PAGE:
On the other hand, with respect to the sensitivity calibration method, conventionally pure nitrogen gas (N2) is used for zero gas. At the same time, a mixture of several tens to several thousands ppm of helium gas is added with pure N2 as base for span gas which is used for zero calibration and span calibration of the trace gas analyzer. Problems analogous to those described above exist with this configuration.

As no consideration is given to carbon dioxide (CO2) contained in a large quantity next to N2 in the exhaust gas and as calibration was carried out, the sensitivity change and the desired sensitivity calibration are unable to be carried out. With regard to the calculation of continuous mass emission rate from a car, the measured flow rate and a gas concentration for each gaseous constituents must be multiplied. In the conventional way, since the flow rate is always measured as a whole, gaseous constituents and the gas concentration is typically dehumidified concentration, either the measured flow rate must be converted to dehumidified concentration or the gas concentration must be converted to pre-humidified concentration with mathematical way. The conversion generates additional source of error in getting mass emission due to the water vapor concentration has to be assumed on the perfect combustion in the engine.

SUMMARY OF THE INVENTION

The present invention solves the above-mentioned problems. The invention provides an exhaust gas flow rate measuring equipment of internal combustion engines which can measure the desired exhaust gas flow rate minimizing time lag for other gas analyzers. In addition, the invention can reduce the sensitivity change as much as possible. The invention thus enables the exhaust gas to reliably mix with the trace gas so that an accurate measurement of the exhaust gas flow rate can be made.

In addition, this invention intends to provide an excellent process for calibrating the sensitivity of a trace gas flow meter which can reduce the sensitivity change as much as possible.

BRIEF DESCRIPTION OF THE DRAWINGS

FIG. 1 schematically shows exemplary exhaust gas analyzing equipment incorporating an exhaust gas flow measuring equipment for internal combustion engines in accordance with a first configuration according to first and second embodiments of the invention;

FIG. 2 schematically shows an exemplary trace gas analyzer for use with the measuring equipment;

FIG. 3 shows a second configuration of the embodiment of the measuring equipment shown in FIG. 1;

FIG. 4 schematically shows exemplary of the exhaust gas analyzing equipment incorporating an exhaust gas flow measuring equipment for the internal combustion engines in accordance with a third and the fourth embodiment of the invention;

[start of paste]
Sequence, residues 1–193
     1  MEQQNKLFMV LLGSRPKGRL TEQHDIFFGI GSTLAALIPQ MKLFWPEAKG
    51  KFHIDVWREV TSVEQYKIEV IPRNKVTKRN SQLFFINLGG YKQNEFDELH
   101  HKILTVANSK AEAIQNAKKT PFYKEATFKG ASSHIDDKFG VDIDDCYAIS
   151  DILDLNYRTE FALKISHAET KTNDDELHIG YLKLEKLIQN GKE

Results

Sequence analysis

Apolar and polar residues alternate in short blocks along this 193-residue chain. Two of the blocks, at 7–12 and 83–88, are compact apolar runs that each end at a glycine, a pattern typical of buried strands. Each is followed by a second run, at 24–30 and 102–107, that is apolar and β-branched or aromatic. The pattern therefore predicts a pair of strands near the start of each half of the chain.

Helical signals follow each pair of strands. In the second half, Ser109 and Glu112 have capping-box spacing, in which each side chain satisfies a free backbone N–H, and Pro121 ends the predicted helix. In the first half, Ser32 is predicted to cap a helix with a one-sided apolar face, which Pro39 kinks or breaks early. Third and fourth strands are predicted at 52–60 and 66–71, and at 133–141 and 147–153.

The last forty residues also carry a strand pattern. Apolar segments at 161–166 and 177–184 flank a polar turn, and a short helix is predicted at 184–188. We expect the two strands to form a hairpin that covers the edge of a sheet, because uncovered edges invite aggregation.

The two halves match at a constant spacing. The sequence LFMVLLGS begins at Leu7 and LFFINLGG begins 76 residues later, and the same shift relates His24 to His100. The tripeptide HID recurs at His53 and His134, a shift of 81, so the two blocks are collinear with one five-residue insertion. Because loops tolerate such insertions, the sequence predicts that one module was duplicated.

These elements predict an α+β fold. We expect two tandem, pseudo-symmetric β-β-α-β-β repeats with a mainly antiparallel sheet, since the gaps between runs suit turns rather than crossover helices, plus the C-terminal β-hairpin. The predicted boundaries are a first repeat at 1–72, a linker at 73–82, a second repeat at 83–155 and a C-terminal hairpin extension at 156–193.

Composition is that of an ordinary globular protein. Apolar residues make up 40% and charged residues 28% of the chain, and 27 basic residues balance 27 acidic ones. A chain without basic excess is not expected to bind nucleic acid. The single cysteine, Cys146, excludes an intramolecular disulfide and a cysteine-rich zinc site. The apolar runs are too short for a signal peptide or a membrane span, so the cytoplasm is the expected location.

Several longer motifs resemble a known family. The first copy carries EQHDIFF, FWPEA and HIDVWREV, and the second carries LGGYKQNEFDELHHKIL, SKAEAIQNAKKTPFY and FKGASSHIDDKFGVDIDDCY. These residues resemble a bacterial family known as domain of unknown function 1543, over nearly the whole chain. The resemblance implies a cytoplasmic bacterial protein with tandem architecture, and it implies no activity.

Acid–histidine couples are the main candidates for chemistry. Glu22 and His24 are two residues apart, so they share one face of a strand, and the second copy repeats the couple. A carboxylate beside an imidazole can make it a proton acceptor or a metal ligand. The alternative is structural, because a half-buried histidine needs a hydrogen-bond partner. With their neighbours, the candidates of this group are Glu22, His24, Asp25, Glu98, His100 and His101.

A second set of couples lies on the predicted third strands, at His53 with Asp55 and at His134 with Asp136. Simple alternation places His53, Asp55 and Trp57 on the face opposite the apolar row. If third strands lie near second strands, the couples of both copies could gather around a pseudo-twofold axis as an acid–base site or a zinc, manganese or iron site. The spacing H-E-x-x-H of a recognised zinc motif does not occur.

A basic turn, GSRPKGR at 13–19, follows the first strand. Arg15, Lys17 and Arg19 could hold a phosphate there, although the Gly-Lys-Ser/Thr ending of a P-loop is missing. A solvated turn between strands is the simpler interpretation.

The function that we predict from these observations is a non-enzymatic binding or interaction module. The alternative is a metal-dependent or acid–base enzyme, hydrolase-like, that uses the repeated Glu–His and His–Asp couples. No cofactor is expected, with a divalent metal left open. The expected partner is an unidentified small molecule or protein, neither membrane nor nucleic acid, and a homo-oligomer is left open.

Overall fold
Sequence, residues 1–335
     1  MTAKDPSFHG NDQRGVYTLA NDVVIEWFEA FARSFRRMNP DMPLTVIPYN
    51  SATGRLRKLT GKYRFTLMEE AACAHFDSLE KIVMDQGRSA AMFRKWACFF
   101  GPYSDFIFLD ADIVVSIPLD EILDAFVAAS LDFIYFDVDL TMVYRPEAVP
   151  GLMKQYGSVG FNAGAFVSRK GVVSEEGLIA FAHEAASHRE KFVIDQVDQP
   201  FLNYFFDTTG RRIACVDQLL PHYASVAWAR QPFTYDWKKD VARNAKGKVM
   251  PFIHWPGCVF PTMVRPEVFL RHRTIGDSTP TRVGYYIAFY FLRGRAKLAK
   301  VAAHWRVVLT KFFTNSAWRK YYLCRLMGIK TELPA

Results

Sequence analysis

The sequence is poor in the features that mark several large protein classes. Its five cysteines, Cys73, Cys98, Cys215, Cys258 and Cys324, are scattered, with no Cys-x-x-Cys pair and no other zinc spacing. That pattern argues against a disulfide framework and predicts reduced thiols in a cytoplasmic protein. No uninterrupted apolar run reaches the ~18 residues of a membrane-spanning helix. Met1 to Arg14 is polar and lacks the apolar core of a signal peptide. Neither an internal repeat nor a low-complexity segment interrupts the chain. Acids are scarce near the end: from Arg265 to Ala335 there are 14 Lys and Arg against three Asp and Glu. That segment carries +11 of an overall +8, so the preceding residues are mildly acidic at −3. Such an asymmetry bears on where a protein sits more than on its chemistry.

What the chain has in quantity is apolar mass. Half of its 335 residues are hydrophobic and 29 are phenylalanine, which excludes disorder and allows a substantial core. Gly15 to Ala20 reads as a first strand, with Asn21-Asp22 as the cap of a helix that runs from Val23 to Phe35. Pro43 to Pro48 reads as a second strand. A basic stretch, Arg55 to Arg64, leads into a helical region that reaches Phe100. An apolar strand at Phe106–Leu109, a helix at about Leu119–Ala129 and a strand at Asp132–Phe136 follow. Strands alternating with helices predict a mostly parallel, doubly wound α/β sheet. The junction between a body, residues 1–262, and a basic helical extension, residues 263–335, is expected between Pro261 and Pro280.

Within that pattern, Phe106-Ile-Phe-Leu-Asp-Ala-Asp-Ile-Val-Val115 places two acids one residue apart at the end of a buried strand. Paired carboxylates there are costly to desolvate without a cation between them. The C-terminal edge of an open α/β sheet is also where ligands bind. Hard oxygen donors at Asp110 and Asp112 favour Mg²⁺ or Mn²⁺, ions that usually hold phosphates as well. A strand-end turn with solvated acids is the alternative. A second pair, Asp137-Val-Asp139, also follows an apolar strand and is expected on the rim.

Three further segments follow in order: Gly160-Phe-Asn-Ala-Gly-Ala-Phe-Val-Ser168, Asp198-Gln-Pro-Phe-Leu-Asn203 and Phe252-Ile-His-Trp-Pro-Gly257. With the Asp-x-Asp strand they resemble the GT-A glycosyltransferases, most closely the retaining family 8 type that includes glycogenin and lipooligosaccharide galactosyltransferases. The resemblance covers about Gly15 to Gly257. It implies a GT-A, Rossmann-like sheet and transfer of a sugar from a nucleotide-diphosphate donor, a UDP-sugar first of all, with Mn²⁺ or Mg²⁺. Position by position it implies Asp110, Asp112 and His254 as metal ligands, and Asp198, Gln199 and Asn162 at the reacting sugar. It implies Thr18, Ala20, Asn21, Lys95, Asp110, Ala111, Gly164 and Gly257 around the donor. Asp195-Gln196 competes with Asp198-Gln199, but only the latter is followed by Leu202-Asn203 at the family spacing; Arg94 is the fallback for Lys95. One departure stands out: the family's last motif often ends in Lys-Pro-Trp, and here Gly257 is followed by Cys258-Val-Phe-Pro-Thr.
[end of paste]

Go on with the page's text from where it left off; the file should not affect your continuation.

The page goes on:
FIG. 5 schematically shows an exemplary trace gas analyzer for use with the measuring equipment shown in FIG. 4;

FIG. 6 shows a second configuration of the third and fourth embodiments of the gas analyzing equipment of FIG. 4;

FIG. 7 schematically shows exemplary exhaust gas flow rate measuring equipment for the internal combustion engines in accordance with a first configuration of a fifth embodiment of the invention;

FIG. 8 is a perspective view which shows an enlarged view of a trace gas introducing portion in the exhaust gas flow rate measuring equipment shown in FIG. 7;

FIG. 9 a schematically shows the trace gas introducing portion of FIG. 8 as seen along arrow A;

FIG. 9 b schematically shows the trace gas introducing portion of FIG. 8 along arrow mark B;

FIG. 10 schematically illustrates an operation of the equipment shown in FIG. 7;

FIG. 11 a is a cross-sectional view of the another embodiment of the equipment shown in FIG. 7;

FIG. 11 b schematically illustrates an operation of the embodiment of the equipment shown in FIG. 7;

FIG. 12 is a cross-sectional view of a third configuration of a fifth embodiment of the fifth invention;

FIG. 13 shows an alternative locating form of the housing according to the fifth embodiment of the invention;

FIG. 14 a shows a simulation indicating a mixing condition of the exhaust gas and trace gas when a triangular pole is arranged in the fifth embodiment of the invention;

FIGS. 14 b and 14 c schematically show an arrangement of the triangular pole shown in FIG. 14(a);

FIG. 15 a shows a simulation indicating other mixing conditions of the exhaust gas and trace gas when a triangular pole is arranged in the fifth embodiment of the invention;

FIGS. 15 b and 15 c schematically show other arrangement conditions of other triangular poles in the fifth embodiment of the invention;